the Republican Party promises that sanctions will be imposed if Florida shifts its primary to an earlier date. Remember, this is the same party that turned its back on Florida's first-rate bid to host the convention in Tampa. Someone should tell the party - perhaps Florida Senator Mel Martinez, its new chairman? - that we're not feeling the love here.
    "The Democratic Party's threat is even more ominous. "
    It says any presidential candidate who campaigns in a state that moves up its primary will receive no delegate votes from that state. Talk about a party that keeps shooting itself in the foot with Floridians.
    "Ignore Threats, Get Out Front".

    Early Choice

    "Two Republican presidential hopefuls, Massachusetts Gov. Mitt Romney and Arizona U.S. Sen. John McCain, have discovered Florida early in their campaigns and attracted Florida political insiders for their Sunshine State teams, both drawing from the sizeable number of operatives left by former Gov. Jeb Bush." "Florida is early choice for GOP candidates".

    Save Our Homes Debacle

    Tom Blackburn: "Florida remains a low-tax state, 39th among the 50 states in state and local tax burden in 2006 according to the nonpartisan Tax Foundation. Save Our Homes, like everything else Florida does with taxes, passed with the implicit hope of laying the tax burden on someone else." "Cut-rate taxes cut house values".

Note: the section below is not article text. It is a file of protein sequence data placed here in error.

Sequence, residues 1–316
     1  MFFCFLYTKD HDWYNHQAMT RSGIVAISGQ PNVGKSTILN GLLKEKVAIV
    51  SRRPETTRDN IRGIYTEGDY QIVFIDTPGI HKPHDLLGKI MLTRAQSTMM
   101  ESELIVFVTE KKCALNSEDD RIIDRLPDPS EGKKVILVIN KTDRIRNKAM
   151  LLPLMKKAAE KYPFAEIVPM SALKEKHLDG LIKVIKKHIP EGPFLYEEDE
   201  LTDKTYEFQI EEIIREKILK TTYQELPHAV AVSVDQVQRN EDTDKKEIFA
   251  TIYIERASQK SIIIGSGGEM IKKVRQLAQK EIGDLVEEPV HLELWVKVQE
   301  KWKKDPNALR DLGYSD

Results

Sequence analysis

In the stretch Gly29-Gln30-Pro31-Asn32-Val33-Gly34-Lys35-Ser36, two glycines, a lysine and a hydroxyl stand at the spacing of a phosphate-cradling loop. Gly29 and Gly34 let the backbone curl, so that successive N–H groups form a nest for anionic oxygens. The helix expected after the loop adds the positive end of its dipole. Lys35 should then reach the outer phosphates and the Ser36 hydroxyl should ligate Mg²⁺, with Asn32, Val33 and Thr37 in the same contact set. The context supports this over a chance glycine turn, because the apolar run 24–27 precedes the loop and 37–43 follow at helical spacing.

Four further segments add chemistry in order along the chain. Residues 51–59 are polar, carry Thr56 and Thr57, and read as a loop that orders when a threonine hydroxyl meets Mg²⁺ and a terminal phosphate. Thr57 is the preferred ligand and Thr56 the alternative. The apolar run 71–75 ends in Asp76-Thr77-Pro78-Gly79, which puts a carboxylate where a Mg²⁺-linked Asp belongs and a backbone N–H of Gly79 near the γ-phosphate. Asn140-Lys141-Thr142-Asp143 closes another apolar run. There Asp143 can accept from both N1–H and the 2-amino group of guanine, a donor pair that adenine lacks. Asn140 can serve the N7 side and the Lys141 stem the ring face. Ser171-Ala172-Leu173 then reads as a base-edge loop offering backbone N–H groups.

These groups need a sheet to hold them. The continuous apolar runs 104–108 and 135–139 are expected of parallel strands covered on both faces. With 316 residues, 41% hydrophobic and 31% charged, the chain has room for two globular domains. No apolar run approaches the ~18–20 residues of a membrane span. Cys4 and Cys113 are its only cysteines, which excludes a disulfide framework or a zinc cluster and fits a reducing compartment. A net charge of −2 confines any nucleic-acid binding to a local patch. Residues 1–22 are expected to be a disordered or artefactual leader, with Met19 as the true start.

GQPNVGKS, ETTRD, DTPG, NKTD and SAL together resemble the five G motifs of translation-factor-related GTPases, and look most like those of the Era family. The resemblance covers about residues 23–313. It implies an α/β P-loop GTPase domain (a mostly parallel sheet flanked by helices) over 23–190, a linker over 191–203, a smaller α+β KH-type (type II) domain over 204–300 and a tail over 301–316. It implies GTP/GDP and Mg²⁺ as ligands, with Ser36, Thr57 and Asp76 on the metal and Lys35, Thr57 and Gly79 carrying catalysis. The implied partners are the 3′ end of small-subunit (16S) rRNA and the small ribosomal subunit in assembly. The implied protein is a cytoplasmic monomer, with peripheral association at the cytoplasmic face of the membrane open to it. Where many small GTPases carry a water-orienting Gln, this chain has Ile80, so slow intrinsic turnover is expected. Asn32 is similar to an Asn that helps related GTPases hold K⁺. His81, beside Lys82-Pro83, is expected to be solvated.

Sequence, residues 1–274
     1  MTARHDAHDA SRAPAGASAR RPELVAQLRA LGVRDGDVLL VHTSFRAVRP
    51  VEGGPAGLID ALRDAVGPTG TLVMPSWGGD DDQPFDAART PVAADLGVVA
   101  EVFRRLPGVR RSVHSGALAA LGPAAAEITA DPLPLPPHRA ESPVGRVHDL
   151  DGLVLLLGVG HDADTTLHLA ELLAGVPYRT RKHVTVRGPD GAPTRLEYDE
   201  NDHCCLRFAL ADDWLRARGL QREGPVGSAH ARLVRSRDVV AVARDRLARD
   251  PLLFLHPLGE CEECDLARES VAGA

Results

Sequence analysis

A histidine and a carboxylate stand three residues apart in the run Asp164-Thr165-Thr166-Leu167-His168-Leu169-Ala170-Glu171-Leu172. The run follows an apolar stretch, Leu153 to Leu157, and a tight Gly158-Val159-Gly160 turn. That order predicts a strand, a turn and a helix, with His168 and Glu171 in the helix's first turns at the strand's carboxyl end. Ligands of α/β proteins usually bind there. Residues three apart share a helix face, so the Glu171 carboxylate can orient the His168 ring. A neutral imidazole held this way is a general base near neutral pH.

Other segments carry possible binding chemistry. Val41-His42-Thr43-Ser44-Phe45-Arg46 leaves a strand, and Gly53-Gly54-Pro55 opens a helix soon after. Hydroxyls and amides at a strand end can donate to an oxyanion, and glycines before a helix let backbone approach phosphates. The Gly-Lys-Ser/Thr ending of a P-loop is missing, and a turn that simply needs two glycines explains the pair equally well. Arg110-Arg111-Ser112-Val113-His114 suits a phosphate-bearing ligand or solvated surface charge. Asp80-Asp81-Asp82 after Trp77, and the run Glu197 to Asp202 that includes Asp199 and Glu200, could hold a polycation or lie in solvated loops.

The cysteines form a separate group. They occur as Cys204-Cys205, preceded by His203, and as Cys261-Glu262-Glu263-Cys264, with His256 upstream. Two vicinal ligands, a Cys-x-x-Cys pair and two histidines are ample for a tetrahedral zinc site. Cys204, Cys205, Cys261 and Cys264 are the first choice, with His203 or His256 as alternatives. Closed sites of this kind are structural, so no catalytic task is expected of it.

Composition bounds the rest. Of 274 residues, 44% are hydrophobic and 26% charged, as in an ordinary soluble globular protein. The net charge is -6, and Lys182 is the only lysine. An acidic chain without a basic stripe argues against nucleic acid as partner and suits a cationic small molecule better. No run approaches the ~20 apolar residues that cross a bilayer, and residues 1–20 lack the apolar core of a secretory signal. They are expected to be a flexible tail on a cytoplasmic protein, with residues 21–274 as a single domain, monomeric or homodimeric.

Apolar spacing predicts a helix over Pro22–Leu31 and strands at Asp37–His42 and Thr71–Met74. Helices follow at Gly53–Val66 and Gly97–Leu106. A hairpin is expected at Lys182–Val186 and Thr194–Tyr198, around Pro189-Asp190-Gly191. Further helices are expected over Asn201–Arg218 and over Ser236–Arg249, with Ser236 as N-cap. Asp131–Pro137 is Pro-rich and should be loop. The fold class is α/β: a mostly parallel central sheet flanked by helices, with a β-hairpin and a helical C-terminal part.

The Touch-Screen Paper Trail Option

    The Tampa Trib editors: "Crist and Secretary of State Kurt Browning want to spend $32.5 million to replace touch-screen machines with optical-scan technology that reads paper ballots. Before writing the check, they should first ensure that touch-screen manufacturers are incapable of building a printer that can be certified as working right."

    Given what's at stake, surely these companies can build a printer that doesn't jam, the biggest criticism for such a solution.

    The governor is right to want a paper trail to restore voter confidence. ATMs give receipts, he notes, so why not a voting machine? Good point. But ATM printers rarely jam, so why can't the same standard be developed for touch-screen printers?

    That way, voters could see a printed receipt of their choices before depositing them in a lockbox at the precinct or before the paper advances like the paper roll in a cash register.
    "A Printer Could Save $32 Million".